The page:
There can be a community of interest here between right-wing groups who oppose government social programs in principle and left-leaning groups who favor the idea of such programs, but who fear the influence of large corporations and other financial interests, their influence on government, and their control of established institutions. One does not have to be a leftist to decry the influence of the powerful. It was, after all, no radical but an essentially conservative American president and five-star general, Dwight D. Eisenhower, who warned in his farewell speech about the “military-industrial complex.” Such an awareness of the influence of anti-democratic forces is rational. It is even essential to maintain democracy, but it does not justify complete cynicism. It is highly irrational to conclude that the obvious influence of money on politics must mean that all information from any official source or institution is invalid, or that any action must be self-serving.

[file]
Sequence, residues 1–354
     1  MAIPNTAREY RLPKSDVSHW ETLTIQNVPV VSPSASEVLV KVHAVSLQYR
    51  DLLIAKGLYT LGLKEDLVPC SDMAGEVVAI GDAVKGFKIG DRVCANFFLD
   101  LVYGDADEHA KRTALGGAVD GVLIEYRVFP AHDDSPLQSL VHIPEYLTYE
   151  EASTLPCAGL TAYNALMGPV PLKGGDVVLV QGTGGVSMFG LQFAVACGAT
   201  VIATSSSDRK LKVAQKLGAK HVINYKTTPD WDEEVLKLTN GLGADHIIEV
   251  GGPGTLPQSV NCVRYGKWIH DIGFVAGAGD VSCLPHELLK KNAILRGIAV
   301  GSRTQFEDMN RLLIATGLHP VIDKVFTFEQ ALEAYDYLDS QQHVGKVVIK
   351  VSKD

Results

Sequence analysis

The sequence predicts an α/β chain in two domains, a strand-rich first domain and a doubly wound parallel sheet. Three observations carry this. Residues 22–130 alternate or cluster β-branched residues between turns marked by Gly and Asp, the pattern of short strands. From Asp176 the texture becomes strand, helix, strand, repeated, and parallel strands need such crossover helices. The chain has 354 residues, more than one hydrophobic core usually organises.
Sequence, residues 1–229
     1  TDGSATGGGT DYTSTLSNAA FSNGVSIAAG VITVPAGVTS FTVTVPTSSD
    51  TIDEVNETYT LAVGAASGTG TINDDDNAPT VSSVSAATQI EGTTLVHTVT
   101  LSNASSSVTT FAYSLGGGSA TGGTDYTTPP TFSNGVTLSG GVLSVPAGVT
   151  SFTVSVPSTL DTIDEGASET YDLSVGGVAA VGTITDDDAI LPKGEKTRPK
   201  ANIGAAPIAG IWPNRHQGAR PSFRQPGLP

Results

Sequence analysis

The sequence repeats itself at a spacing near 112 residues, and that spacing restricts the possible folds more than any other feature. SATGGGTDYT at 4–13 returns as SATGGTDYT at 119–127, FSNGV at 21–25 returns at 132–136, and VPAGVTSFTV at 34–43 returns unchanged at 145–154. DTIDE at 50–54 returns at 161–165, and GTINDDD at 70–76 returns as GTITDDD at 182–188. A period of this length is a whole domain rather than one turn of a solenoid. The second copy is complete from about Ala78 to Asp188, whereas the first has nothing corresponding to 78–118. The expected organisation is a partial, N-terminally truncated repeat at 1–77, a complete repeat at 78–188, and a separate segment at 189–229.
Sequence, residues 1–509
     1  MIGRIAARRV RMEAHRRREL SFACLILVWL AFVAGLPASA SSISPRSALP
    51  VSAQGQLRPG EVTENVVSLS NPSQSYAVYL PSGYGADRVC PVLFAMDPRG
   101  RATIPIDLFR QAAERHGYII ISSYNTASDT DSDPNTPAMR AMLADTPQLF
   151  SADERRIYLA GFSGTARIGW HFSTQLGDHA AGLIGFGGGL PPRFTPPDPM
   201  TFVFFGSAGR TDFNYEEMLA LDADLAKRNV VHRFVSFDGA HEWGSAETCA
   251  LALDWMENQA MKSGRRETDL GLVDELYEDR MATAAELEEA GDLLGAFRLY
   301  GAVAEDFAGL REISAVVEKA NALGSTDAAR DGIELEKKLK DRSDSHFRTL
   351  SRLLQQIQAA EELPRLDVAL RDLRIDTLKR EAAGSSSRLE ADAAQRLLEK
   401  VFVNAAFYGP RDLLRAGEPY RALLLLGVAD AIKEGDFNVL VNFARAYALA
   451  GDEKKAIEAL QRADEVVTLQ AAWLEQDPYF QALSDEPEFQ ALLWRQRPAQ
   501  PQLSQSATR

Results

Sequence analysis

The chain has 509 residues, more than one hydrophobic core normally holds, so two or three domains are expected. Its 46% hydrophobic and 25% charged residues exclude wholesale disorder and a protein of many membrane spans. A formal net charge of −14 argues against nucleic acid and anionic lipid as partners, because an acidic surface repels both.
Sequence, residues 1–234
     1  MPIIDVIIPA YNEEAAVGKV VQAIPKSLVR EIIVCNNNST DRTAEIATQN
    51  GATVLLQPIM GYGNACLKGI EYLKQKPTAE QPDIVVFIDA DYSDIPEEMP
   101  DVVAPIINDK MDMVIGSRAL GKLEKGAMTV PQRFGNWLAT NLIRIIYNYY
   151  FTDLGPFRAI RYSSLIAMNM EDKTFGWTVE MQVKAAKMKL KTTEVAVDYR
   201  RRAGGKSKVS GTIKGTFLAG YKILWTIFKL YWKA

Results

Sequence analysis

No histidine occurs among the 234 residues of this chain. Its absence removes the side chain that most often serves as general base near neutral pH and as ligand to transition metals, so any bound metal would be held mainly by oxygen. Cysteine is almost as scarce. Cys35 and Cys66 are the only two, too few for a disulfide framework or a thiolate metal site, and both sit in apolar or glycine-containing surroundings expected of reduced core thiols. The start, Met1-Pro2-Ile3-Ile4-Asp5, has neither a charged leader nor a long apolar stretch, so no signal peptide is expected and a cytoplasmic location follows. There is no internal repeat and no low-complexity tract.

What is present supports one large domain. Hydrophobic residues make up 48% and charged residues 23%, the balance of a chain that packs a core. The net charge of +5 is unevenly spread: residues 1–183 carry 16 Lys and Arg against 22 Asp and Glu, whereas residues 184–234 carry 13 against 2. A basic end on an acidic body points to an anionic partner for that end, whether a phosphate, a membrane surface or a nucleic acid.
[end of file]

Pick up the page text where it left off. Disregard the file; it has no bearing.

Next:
Such a view becomes what the late historian Richard Hofstadter called “the paranoid style” in American politics. 19 His point was that of course there are conspiracies in history, but it nevertheless is irrational to the point of delusion to believe that the whole of history is a conspiracy. The characteristics of much of the literature generated by the anti-vaccination groups and the writings that influence them are uncomfortably close to those generated by groups that most intelligent observers would have to classify as cults.